I understand that those involved—undertakers, local authorities, crematorium managers and the like—have disseminated the recent guidance to burial ground managers. It is a little too early to make a detailed assessment of the implementation, but practitioner representatives have agreed to provide regular feedback and we will be undertaking a sampling survey of burial grounds within the next 12 months.
The new guidelines are a long overdue improvement in health and safety in graveyards, but the January newsletter of the local authority Institute of Cemetery and Crematorium Management describes them as creating a “dilemma” for local authorities and having “no logical basis”. The Minister has issued excellent guidance to sort out this scandal of health and safety zealousness in graveyards, but the local authorities are snubbing her and the Health and Safety Executive. What is going to be done to pull them into order and get rid of the nonsense of staking graves and laying down graves all across Britain?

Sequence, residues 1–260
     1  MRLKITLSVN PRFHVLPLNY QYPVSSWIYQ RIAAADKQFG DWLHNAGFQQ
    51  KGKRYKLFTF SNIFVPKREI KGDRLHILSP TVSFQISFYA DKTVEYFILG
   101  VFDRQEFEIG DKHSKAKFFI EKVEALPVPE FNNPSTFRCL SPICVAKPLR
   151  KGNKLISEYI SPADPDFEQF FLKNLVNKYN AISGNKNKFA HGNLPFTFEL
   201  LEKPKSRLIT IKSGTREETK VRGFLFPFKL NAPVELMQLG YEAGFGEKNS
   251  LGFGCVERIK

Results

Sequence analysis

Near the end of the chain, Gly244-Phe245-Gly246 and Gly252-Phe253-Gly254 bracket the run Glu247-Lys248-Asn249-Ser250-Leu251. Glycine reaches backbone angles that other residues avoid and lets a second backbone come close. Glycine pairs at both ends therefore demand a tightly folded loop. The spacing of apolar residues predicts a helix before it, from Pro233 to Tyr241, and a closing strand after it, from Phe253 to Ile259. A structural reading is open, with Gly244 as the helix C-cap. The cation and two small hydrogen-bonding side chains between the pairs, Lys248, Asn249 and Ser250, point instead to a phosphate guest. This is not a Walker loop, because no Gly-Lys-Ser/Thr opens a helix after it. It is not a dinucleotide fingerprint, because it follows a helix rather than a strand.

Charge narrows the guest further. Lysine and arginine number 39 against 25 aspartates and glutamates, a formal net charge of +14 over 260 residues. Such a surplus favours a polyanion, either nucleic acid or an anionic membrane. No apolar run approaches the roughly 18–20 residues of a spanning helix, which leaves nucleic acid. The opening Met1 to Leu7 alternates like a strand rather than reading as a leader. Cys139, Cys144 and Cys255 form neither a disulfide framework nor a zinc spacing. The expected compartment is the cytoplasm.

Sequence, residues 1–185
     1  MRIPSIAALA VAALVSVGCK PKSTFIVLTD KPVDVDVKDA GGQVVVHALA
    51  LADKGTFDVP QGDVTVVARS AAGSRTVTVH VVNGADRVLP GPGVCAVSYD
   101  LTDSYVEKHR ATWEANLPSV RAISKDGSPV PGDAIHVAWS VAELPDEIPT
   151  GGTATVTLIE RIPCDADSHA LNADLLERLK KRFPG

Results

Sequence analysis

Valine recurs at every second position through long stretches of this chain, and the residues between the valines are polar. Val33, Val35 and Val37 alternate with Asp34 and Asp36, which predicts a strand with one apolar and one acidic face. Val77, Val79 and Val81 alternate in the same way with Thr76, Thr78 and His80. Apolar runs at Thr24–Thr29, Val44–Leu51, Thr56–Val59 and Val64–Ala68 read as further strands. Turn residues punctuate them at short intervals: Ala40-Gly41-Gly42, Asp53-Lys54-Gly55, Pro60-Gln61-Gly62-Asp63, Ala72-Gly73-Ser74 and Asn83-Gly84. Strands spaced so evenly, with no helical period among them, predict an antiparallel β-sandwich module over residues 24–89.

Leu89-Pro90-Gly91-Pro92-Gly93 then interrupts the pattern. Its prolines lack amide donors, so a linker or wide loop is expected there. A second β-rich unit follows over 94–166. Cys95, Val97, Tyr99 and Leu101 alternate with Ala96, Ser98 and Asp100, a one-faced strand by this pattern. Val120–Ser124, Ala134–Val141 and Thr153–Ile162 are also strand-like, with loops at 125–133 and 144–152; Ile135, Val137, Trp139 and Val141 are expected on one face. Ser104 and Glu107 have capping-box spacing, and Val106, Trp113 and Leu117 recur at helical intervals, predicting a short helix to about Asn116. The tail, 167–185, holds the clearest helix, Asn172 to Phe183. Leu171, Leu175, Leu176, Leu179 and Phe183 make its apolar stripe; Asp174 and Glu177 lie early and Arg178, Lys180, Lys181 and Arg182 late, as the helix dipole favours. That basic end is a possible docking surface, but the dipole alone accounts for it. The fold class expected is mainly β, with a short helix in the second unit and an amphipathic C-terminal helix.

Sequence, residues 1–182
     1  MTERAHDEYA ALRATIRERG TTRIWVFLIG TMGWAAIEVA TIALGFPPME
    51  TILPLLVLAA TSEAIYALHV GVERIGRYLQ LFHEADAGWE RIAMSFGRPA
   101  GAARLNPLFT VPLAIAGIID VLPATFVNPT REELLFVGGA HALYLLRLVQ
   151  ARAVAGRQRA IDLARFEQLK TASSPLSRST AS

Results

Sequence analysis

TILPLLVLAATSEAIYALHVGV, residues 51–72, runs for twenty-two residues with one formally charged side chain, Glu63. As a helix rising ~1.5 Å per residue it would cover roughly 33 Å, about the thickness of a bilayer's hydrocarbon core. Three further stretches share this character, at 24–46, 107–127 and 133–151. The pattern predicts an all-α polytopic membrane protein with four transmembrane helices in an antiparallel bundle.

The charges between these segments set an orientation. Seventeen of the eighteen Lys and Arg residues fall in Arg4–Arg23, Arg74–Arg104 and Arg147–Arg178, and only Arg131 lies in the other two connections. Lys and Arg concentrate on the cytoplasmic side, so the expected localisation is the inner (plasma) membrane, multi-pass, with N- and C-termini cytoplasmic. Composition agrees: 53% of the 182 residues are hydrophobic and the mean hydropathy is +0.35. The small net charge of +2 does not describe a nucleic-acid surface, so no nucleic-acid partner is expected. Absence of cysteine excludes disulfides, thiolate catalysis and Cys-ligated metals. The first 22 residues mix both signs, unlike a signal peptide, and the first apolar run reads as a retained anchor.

It is important that the House recognises the zealousness with which my hon. Friend has pursued this issue, and it is very much down to his campaigning that the guidance has been introduced—I congratulate him on that. My officials have discussed this with the crematorium managers organisations, and they have assured us that they welcome the guidance in principle and that they will participate in arrangements to monitor its implementation. I take this opportunity to say again that where there is no need for a memorial to have been staked or laid down, we would expect the cemetery operator responsible to consider restoring it. The guidance recommends that neither mechanical pressure testing nor stakes should be used routinely, and although there may be the occasional case where careful and sensitive use of such equipment might be appropriate, it is clear that it is not appropriate in the vast majority of cases. We will continue to pursue that policy and encourage local authorities to do so too.